Ditto here. Speaking of greasing, you will need to have some eye drops handy to avoid chafing from frequent eye-rolling. It seems that every time there is a need to gain access to some large institution, Brown trots out what seems almost a running joke of Robert Langdon having some relationship with the person in charge. I bet if Langdon needed 3am access to the UFO museum in Roswell, we would learn that he had tracked aliens with the museum director and had contributed a live specimen from the Crab Nebula at some time in the not too distant past.
The Sulabh International Museum of Toilets? In one, the hero and heroine pause as the world collapses around them to engage in a lengthy soulful smooch.
Pay no attention to that incoming missile. In the second, a child dashes back to the burning-building or alien-infested-spaceship to retrieve her choose one - favorite stuffy, kitten, puppy, photo of long dead but really only missing mother or father.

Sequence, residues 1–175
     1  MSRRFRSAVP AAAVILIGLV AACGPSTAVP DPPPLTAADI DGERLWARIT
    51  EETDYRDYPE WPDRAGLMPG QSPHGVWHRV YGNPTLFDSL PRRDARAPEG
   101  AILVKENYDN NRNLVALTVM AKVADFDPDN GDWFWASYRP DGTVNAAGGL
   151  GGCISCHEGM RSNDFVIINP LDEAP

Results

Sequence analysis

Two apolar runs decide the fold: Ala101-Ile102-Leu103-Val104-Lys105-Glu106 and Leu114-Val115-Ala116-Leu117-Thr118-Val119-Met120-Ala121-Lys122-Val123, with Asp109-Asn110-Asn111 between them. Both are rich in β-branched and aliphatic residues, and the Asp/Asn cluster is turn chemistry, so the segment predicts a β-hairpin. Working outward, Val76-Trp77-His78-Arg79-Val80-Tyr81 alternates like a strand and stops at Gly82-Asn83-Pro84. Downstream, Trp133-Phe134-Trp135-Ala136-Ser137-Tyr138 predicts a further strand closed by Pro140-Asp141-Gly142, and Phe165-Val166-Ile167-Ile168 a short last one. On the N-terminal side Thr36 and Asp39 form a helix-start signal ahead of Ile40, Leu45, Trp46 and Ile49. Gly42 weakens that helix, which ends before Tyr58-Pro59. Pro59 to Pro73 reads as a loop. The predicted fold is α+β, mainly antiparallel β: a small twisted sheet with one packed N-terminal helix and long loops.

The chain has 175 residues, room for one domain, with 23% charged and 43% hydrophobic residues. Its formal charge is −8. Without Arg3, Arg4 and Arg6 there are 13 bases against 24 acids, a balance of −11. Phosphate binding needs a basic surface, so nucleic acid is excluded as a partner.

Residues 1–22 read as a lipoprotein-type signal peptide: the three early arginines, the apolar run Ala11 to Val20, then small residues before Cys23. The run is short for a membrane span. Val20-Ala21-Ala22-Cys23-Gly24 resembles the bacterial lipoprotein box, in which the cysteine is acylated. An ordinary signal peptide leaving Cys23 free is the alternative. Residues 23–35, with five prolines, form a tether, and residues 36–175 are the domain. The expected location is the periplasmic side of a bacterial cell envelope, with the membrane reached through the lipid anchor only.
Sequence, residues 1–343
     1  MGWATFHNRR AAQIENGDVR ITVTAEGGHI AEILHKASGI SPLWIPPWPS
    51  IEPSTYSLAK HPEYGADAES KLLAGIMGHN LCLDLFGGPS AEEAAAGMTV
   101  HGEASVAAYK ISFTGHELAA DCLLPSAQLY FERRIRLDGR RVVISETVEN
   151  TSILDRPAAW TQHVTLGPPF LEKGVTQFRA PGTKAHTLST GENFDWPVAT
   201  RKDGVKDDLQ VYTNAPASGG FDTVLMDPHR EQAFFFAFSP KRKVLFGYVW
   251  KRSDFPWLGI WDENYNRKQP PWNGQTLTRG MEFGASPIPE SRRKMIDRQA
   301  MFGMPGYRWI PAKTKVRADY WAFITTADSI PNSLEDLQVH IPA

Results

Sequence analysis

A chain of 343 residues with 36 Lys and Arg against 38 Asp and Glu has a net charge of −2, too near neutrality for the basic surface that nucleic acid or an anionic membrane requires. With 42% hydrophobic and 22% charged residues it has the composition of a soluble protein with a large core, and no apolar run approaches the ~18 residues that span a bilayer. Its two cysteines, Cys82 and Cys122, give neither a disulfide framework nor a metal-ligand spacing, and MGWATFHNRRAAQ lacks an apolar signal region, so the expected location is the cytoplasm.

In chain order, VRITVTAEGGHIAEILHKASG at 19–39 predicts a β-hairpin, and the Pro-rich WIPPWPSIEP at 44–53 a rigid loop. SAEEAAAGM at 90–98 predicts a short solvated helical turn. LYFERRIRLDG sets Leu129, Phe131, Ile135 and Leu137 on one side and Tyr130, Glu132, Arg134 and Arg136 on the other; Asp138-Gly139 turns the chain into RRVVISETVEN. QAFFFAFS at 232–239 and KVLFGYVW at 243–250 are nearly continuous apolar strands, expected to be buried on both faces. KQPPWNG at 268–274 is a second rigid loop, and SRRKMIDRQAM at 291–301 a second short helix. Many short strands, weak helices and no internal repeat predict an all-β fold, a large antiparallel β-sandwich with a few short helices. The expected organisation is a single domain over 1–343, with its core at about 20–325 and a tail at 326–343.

Brown pauses the action every so often, inserts himself and his research into the narrative Bob, Si, relax. Ready, set, flee. Truthfully, it is tough not to care about a character that has the face of Tom Hanks ironed onto it, but yeah, I guess, although a lot less than a whole lot of other fictional people. It is fun to see Langdon attempting to recover his memory and figure out who that mysterious woman he keeps seeing in vision-flashes might be. So sure, why not.
Aside from those two, only a little here and there. Character is not the thing in Dan Brown books. Brown does revel in puzzles and there are more secrets embedded in Inferno than there are candied items in a fruit cake.